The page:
The news just came out that SinglePlatform is being acquired by Constant Contact–$65 in cash and $10-30 million over the next two years in additional incentive based awards. If you’ve ever met Wiley, you know you can bank on him maxing out that additional $30 million. You don’t give a sales team like that a target without expecting him to crush it.
I first met Wiley Cerilli on April 23, 2010. I biked down Broadway to his temporary office space at SoHo Haven. I had come from breakfast at Coffee Shop with Rob Hayes and it was a great sunny day to be on wheels.
Wiley was soft spoken and extremely professional. He oozed a quiet confidence–like a baseball pitcher who had all his stuff working and knew exactly in his head the pitch he was going to finish you off with. No need to get worked up about it–it was just about executing what you had in your head, like he had done on each pitch before during this game. (A VC once said about him that “I’m not sure about the company, but I sure do want him reading bedtime stories to my kids.”)
A chalkboard stood in the corner with sales totals for the week. He proceded to tell me a story about how, in his SeamlessWeb days, he spent a day at a customer just watching their day–how they got hounded by the yellow pages guy, the napkin guy, the vending machine salespeople, sold to minute after minute while they ran around just trying to keep their business afloat.
The hard sale was never going to work and so he went about developing a better methodology–one about being supportive of the customer and thinking about how what you did made their life easier. There isn’t a thing you could tell Wiley about how to walk into a pizzeria and walk out with a check, but that doesn’t mean he won’t sit and listen to you anyway, because he’s that kind of guy.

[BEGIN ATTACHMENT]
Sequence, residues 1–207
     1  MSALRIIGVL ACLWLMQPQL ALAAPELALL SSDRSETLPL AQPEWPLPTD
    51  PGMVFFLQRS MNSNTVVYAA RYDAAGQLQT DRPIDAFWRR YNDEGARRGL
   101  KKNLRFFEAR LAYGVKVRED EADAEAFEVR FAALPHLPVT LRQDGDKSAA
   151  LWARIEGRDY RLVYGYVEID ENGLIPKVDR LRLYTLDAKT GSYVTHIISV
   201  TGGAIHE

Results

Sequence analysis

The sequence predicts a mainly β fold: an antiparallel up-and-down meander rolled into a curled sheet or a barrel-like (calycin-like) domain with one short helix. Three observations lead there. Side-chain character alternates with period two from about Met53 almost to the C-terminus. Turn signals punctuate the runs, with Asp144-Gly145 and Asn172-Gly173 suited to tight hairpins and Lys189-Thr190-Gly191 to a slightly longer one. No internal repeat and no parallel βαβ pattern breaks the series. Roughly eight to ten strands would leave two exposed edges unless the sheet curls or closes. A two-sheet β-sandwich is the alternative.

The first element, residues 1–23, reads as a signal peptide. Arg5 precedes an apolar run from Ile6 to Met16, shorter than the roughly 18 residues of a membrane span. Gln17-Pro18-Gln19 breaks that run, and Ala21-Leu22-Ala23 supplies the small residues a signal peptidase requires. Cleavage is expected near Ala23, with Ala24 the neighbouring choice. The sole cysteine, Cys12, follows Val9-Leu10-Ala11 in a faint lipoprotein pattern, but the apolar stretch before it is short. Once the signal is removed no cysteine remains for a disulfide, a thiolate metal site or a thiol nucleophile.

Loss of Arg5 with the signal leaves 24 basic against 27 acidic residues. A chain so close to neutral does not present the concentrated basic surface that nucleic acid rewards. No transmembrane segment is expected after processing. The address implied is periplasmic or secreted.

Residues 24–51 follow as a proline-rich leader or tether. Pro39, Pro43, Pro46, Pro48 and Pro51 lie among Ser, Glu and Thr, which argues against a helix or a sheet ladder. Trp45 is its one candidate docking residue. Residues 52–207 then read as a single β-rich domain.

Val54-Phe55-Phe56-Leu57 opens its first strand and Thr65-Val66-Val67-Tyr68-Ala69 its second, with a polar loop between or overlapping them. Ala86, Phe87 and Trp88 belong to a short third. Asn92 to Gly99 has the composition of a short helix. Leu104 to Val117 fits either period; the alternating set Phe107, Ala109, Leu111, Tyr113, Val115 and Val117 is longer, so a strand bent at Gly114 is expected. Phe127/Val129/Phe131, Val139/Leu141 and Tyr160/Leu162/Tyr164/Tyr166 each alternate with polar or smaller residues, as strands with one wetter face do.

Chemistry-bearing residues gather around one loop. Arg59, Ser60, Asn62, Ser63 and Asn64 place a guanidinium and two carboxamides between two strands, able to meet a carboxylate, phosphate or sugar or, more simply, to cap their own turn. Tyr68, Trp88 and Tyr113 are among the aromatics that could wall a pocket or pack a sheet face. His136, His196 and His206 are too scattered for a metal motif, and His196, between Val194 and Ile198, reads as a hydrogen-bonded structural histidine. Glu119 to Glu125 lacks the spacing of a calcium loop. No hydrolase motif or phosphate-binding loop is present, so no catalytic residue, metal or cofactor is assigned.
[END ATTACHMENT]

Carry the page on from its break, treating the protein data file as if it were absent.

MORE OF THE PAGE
He’s also the kind of guy that volunteers at a summer camp for kids who have lost parents. He’ll take any meeting with a student looking to find their way in their career. When I asked him to come share his sales and company culture expertise at GA, he was on it–right in the middle of acquisition negotiations.
After I met him, I told the team at First Round that I had just met the guy we were going to back in the local space. A year later, SinglePlatform was chosen as one of Business Insider’s 25 Companies to Watch. When BI put up a photo of Wiley, he asked that they replace it with a photo of his team. That’s the most important thing I learned about working with Wiley over the last two years…
You don’t just get the entrepreneur–you get the team he puts in a position to succeed.
Given that, I’m incredibly proud to be able to congratulate the whole SinglePlatform team on their successful sale to Constant Contact, because it was truly a team effort.
The company culture that SinglePlatform had built up was outstanding–something other companies should really try to emulate. Sales goals were setup to encourage representatives to help each other out–not only by structuring team incentives, but creating an environment were one day someone would carry the load and the next day, someone else would–and it was all about getting the team there.
Early on, Wiley had invited me to a team building session. Salespeople were working with a coach to identify communication styles and preferences. It struck me that nowhere else were kids this age getting their personal development cared about in the same way.